When I see a brick building, then automatically I think about the Hanseatic cities in North Europe. I am so used to see them in Lübeck, Flensburg, Lauenburg, Lüneburg and many other places where I was once connected with than I even don’t realized that it is one of the oldest architecture styles.
Bricks are single ceramic blocks used for nearly 10.000 years. Of course, they are still used in many cultures and especially where other materials than mud and clay are not easily available.
But in this case I want to talk about the typical houses in the Middle Age and in Europe. Romans already used bricks for all there Emperor times and never stopped to use them. After the Roman Empire disappeared in Northern Europe they turned to be used in the 12th century in Northern Germany, culminating in the so-called brick Gothic. Bricks were especially used in the area around the Baltic Sea which had no rock resources. So if you are visiting Denmark, Germany, Poland, Sweden, Russia and the countries in between around the Baltic Sea you will find this kind of buildings.
Bricks give a wide range of possibilities to combine colorful combinations with red bricks, glazed bricks and white lime plaster. Today these city centers are mainly listed on the UNESCO World Heritage list. Lübeck of course as well.
The brick culture came back with monks coming up from the south and started to built monasteries with self-made bricks in areas where it was difficult to find other materials for long-lasting buildings.
The Hanseatic League was primary a commercial and defensive confederation of merchant guilds in Northern Germany and the whole Baltic and North Sea area and along the rivers that connect to these two seasides in the late Middle Ages. The Hanseatic cities were connected between each other and were independent to other cities. They had their own armies. Today there are still free Hanseatic cities like Hamburg and Bremen.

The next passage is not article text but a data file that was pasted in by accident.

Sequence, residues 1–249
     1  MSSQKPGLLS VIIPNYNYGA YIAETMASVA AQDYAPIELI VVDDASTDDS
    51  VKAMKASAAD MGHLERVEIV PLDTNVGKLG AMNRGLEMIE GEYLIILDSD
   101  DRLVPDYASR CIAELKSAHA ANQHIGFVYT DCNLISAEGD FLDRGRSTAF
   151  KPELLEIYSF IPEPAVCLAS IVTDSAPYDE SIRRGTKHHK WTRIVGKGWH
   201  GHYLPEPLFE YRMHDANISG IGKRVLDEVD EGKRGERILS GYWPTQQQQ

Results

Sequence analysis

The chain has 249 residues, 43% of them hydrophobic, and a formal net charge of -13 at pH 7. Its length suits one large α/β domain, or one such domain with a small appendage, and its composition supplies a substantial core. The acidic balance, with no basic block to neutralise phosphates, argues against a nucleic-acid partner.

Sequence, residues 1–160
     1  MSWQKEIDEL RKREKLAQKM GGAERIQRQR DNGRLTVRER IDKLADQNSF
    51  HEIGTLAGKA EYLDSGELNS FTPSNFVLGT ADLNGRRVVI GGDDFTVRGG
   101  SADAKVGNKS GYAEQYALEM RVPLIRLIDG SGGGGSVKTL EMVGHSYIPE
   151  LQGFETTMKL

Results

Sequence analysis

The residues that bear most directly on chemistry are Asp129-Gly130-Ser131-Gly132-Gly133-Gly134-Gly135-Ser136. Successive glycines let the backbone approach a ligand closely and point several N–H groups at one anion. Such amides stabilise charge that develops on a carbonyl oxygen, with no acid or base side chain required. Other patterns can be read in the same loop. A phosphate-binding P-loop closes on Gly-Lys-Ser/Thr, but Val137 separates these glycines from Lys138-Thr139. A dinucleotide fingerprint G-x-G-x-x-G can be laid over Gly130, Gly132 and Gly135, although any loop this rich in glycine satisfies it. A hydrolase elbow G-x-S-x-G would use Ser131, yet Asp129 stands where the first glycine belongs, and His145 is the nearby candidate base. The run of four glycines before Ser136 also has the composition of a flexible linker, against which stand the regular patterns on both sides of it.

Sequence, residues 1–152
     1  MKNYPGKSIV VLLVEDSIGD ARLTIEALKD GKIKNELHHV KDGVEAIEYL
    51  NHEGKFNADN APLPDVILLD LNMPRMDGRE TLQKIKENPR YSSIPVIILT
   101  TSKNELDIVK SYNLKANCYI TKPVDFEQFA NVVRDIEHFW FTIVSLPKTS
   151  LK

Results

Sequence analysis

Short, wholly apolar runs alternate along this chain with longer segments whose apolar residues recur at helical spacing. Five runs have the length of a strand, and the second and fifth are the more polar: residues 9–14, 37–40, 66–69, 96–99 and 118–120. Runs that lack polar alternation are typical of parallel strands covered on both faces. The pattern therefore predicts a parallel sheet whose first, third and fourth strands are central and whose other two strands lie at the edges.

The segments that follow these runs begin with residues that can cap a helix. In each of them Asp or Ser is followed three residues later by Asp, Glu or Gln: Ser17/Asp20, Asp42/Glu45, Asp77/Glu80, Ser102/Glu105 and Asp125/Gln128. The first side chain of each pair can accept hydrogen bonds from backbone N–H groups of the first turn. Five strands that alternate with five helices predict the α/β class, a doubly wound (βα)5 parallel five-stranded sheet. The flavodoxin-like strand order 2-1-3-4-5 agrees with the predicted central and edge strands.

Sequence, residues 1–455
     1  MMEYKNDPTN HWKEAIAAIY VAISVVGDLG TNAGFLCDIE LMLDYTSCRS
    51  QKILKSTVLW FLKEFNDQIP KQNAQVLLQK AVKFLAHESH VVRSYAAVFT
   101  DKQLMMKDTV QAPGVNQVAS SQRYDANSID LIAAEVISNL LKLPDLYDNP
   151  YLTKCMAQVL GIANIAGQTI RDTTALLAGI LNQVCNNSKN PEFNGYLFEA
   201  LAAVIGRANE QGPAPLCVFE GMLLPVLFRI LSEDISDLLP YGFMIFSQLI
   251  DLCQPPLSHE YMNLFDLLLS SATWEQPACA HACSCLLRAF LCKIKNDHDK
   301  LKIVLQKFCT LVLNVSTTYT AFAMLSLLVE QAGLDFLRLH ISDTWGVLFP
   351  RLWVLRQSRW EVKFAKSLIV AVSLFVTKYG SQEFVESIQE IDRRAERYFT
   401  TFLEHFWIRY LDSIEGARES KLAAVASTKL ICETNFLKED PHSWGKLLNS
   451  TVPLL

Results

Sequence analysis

Henry the Lion rebuilt the city of Lübeck around 1159, where the League started and is called the ‘mother of the Hanse’. The peak of this period was in the 15th century and Lübeck the central node in the seaborne trade.
To turn back to Lübeck and her brick architecture here is one of the best examples of this period and its buildings. Whatever survived the second world war is still here, and it’s not little. Wherever you walk in the center of the city, there you find the typical huge buildings – some are 7 stories high. Very often they have crow-stepped gables which are also typical for this period.
Famous is the Holstentor (Holsten Gate). It is made with bricks in red and black. It has a very special look and is really unique. In the Gothic they used the high windows to give a lot of light inside the buildings that stretches the building even more in the optic.
Along the river Trave there are the 7 stories high buildings used as merchant deposit but also as residence and trade center. So the traders had all-in-one building. They are called Kontor (warehouse).
Typical for the high front of the houses are also regular holes. They were never windows or thought to be once but because of the high façade and sometimes nothing behind (as the houses had gables because of the heavy snow falls during the winter time and the façade is square) the holes were for the wind to go through and not to break the construction. It looks a little bit funny today but are completely reasonable.
After the Brick Gothic, there was the Brick Renaissance. Here there are some different elements in but is very difficult to see for non-experts where exactly the difference is. In Lübeck the buildings with terracotta reliefs are recognizable as from Renaissance.
I found this architecture style in many places and cities like Bremen, Emden and Flensburg for example. They make the typical Hanseatic feeling of these cities and strangely everywhere around the Baltic city in these places you feel a little bit ‘home’ if you already know it from one place.
Baltic sea and its surrounding countries: